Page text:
Home Truck Gear Vince Gill-admired guitar; Tom Johnston’s trashed amp

Vince Gill-admired guitar; Tom Johnston’s trashed amp

Annie Proulx’s richly wonderful novel from 1996, “Accordion Crimes,” uses a green, button accordion as the vehicle to chronicle the lives of the people whose hands play it over a span of a century.

Like Proulx’s accordion, many musicians have instruments with personal meaning, a nostalgic connection, or a fascinating story behind them. Grandfathers pass down their guitars; aunts leave a violin; or guys get lucky and buy timbales from famous percussionists.

Local musicians were recently asked to share the stories of some of their well-loved instruments. Send in your stories, and we may run them in future installments of “Gear Tales.”

Curley’s Gibson Guitar

I will offer a story to set the table. Two Thanksgivings ago, I was visiting the Santa Monica area for the long weekend. After scouring the local craigslist.com pages for interesting guitars, I inquired about a Gibson guitar that whet my whistle.

The rap on Craigslist is that one needs to be ultra-careful about the scoundrels, or “scamdrels” as I call them, that you might encounter. I forged ahead.

After arranging time and location, I drove to a very nice area of suburban San Fernando Valley. A man in his late 30s answered the door. After brief pleasantries, I was handed the instrument and that’s all it took. The sound and feel were just right, the condition not perfect but cared for, and the price was fair. After about 10 minutes, I handed over the cash and made my way to the door.

Only then did the guy say in a wistful way, “Let me tell you a story about that guitar.” With no need to lie to me, as the deal was done and his pocket was full of cash, he told me about my new guitar.

He bought the guitar brand new in 1999 from the Chicago Music Exchange, a large retail store, now with a very visible presence online. The man said he had babied it, watched it like a hawk, and never let anybody else play it.

He told me that he had recorded and released a couple of CDs, a statement that later checked out. He also told me he was staying at that house with friends, but otherwise was living in the van parked in the driveway. He hated parting with the guitar, but he needed the money.

In 2014, his wife had been a finalist on one of the “got talent” shows and was touring the country on the freshness of that exposure, with him playing guitar in the band. City after city, they’d play their 35 minutes and clear the boards for the headliner.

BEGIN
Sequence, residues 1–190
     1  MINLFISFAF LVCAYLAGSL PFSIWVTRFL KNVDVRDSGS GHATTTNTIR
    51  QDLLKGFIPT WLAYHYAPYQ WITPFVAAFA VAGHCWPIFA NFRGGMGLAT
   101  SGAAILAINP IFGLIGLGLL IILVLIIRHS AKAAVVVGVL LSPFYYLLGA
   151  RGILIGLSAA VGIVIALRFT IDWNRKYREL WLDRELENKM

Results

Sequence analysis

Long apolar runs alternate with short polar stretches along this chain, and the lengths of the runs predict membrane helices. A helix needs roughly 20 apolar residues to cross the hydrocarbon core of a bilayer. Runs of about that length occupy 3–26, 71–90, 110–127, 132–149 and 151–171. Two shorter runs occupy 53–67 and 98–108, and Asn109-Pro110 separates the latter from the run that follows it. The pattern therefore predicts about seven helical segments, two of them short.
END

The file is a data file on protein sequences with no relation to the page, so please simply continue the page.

He told me about one night when they were playing a gig at the Ryman Auditorium in Nashville, one of the most hallowed music stages in America. After their set, the headliner commented on the sound of his guitar, and asked to play it. That headliner was country superstar Vince Gill, of Pure Prairie League and now of the Eagles.

On that day in Thousand Oaks I became only the third person to play this guitar, with one being Vince Gill. Not Garcia or Lennon, but pretty cool. And it happened at the Ryman!

By now, many local guitarists have played that Gibson. But to me that guitar represents one degree of separation from greatness. And it serves to remind me how lucky I am.

Carlson’s Fender Amp

Pete Carlson is a sound engineer who has lived in Sonoma since 1990. His story involves his time spent working with the little local band known as the Doobie Brothers.

Carlson said he had been living in Santa Cruz and “was driving (to Sonoma Valley) every day to rehearse with the Doobies, so I just moved here,” Carlson said.

Carlson spent time in the studio and on the road with the band and got to know the players quite well. And you know what friends are asked to do now and then: they’re asked to help with a move.

One weekend, Carlson agreed to help Doobie Tom Johnston move from Mill Valley to Novato. Several truck loads and several trips into the day, Carlson watched as Johnston casually threw a bunch of stuff into a dumpster. Relieved that there was now less to move, Carlson curiously glanced into the dumpster, while adding his share of debris to it.

Carlson noticed several bags of clothing and an old, beat-up amplifier. Closer inspection revealed the clothes were not street clothes but stage attire, probably worn by the diminutive Johnston. Carlson called to Johnston, “Hey, Tommy, you can’t throw this sh– out!”

Carlson dove and retrieved flashy pants, flashy shirts, and five pairs of flashy platform shoes that the Doobie wore onstage. The stage outfits were dry cleaned and the shoes shined. The lot now resides in the Doobie exhibit at the Rock and Roll Hall of Fame in Cleveland.

The beat-up old amplifier turned out to be a Fender Princeton that Johnston had used as a practice and tuning amp in the green rooms on the various stops of several tours. Guitarists will recognize the value of the amp, even without the story and provenance, as being equal to about one month’s rent in Sonoma.

While the clothes and shoes did not fit Carlson’s stature or style, the amp suits him just fine, and is a regularly used piece of gear in his studio.

One man’s garbage…

Are there more Gear Tales out there? Send ‘em on in to eltimcurley@gmail.com.

Credit: Source link


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